Missouri University of Science and Technology Missouri University of Science and Technology

### Scholars' Mine

### Scholars' Mine

Electrical and Computer Engineering FacultyResearch & Creative Works Electrical and Computer Engineering

01 Jan 2006

### Empirical Study of an Unconstrained Modified Particle Swarm

### Empirical Study of an Unconstrained Modified Particle Swarm

### Optimization

### Optimization

Ganesh K. Venayagamoorthy

Missouri University of Science and Technology Phillip W. Moore

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Recommended Citation Recommended Citation

G. K. Venayagamoorthy and P. W. Moore, "Empirical Study of an Unconstrained Modified Particle Swarm Optimization," Proceedings of the IEEE International Conference on Evolutionary Computation, 2006, Institute of Electrical and Electronics Engineers (IEEE), Jan 2006.

The definitive version is available at https://doi.org/10.1109/CEC.2006.1688483

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**Abstract— In this paper, an unconstrained modified particle **

**swarm optimization (UMPSO) algorithm is introduced and **
**studied empirically. Four well known benchmark functions, **
**with asymmetric initial position values, are used as testing **
**functions for the UMPSO algorithm. The UMPSO is a **
**variation of the canonical PSO in which the velocity and **
**position is unconstrained, an additional strategic component is **
**added, and the social component term has been modified. The **
**strategy component is used instead of varying parameters or **
**mutation to enhance diversity in the swarm during the search. **
**The UMPSO algorithm is then compared to results obtained **
**from the constrained canonical PSO (CPSO) and the **
**unconstrained canonical PSO (UPSO). The results show that **
**UMPSO algorithm with no maximum velocity and position, **
**and no minimum velocity and position value that performs **
**better than the CPSO and the UPSO for the Sphere, **
**Rosenbrock, Rastrigrin, and Griewank benchmark functions. **

I. INTRODUCTION

HERE are many algorithms used in optimization that utilize population search techniques. The genetic algorithm, genetic programming, differential evolution, and other evolutionary computational algorithms are all motivated by evolution as seen in nature. The particle swarm optimization (PSO) algorithm, however, is motivated from the imitation of social behavior individually and in groups. The PSO, developed by James Kennedy and Russell Eberhart [1, 2], is modeled after movement patterns and social interactions as seen in flocks of birds and schools of fish. Instead of using selection, crossover, and mutation operators to manipulate individuals in the population, each individual is flown through a hyper dimensional search space, containing the solutions for given problems, and coordinates their flying experiences through the population.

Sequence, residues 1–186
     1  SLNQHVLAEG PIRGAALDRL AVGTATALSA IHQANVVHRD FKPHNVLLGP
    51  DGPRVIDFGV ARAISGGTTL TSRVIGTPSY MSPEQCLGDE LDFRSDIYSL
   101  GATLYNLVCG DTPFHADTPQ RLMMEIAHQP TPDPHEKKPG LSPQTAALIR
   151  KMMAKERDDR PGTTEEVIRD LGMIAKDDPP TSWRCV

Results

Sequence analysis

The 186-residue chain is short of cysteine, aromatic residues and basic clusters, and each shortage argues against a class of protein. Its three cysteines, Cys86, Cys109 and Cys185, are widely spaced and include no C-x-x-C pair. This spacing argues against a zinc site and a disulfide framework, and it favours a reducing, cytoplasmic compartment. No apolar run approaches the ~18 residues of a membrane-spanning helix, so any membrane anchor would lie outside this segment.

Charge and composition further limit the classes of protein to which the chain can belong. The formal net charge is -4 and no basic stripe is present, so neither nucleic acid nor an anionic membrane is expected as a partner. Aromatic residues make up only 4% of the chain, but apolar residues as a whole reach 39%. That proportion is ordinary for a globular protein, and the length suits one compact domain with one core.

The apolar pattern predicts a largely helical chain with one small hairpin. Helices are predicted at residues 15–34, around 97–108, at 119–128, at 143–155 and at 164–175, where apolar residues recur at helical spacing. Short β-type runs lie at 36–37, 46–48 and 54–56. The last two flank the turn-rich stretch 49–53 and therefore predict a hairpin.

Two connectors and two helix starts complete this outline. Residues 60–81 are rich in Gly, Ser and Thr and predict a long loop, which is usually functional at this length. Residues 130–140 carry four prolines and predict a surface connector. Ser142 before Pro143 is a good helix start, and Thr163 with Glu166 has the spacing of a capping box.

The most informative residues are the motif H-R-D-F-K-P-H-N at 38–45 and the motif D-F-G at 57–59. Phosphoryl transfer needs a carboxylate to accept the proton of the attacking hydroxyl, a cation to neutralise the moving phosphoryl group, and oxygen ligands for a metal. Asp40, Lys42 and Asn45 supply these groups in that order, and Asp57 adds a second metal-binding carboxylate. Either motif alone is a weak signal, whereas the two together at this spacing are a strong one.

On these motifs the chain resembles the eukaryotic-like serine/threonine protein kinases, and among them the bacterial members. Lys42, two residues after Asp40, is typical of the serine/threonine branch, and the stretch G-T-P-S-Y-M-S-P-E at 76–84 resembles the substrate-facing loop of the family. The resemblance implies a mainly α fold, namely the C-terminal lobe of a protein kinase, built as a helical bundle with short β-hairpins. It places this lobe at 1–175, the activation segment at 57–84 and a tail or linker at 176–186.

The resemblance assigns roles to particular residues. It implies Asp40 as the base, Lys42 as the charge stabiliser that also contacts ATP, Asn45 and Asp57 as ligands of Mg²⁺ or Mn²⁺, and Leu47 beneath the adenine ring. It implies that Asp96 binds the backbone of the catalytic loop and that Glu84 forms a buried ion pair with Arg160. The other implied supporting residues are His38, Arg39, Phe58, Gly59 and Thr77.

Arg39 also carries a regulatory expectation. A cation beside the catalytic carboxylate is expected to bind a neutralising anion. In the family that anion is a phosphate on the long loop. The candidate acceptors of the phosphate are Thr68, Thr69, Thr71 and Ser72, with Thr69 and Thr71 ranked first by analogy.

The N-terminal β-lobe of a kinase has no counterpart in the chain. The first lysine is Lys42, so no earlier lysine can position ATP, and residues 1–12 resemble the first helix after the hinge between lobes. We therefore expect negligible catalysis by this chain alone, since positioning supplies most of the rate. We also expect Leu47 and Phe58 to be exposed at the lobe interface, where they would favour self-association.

In the PSO algorithm, each particle performs an evaluation of its position, called the fitness evaluation, through each time step in the search space. The best performance of each particle and respective location is then stored into memory and called the pbest of the particle. Then the best of the pbest in the population, called the gbest, is stored into memory. The concept of PSO lies in the acceleration of each particle towards its pbest and the gbest This work is supported by the National Science Foundation CAREER grant ECS #0348221.

Phillip. W. Moore and Ganesh K. Venayagamoorthy with the Real-Time Power and Intelligent Systems (RTPIS) Laboratory, Department of Electrical and Computer Engineering, University of Missouri – Rolla, 1870 Miner Circle, Rolla, MO 65409, USA (email: pwmpn2@umr.edu,

gkumar@ieee.org)

locations at each time step, and is modified by its own inertia.

In this paper, an unconstrained modified version of the canonical PSO is presented (UMPSO). The UMPSO is a modified version of the canonical PSO with no constraints of maximum velocity, maximum position, minimum velocity, and minimum position. The canonical PSO is modified by using a constriction factor and a new term, called the strategy component, to increase the performance of the PSO algorithm’s velocity update equation. The strategy component is used instead of varying parameters or mutation to enhance diversity in the swarm during the search. The social component term of the velocity update equation is also modified such that the term is solely based on the global best position of the swarm.

The rest of the sections of this paper are organized as follows: Section II explains the different PSO algorithms (Constrained/Unconstrained Canonical PSO and UMPSO). Section III describes the benchmark functions used for testing the two improved PSO algorithms. Section IV describes the experimental settings. Section V presents the results obtained from the constrained canonical PSO (CPSO), the unconstrained canonical PSO (UPSO), and the UMPSO. Finally, some discussion and conclusions are given in Sections VI and VII, respectively.

II. PARTICLE SWARM ALGORITHMS

The canonical PSO and a modified PSO are studied in this paper. The CPSO and UPSO results are compared with the results obtained from the UMPSO. The canonical PSO, first proposed by James Kennedy and Russell Eberhart [1], sets maximum velocity, maximum position, minimum velocity, and minimum position limits. In flocks of birds and schools of fish, these restraints are not given. In real life, birds and fish are able to move freely throughout their environment. Though there are boundaries such as air, water, and speed, evolution may theoretically propel birds or fish beyond these boundaries if need be. The UMPSO algorithm reflects these observations and places no constraints on particles’ (birds, fish, etc.) velocities and positions.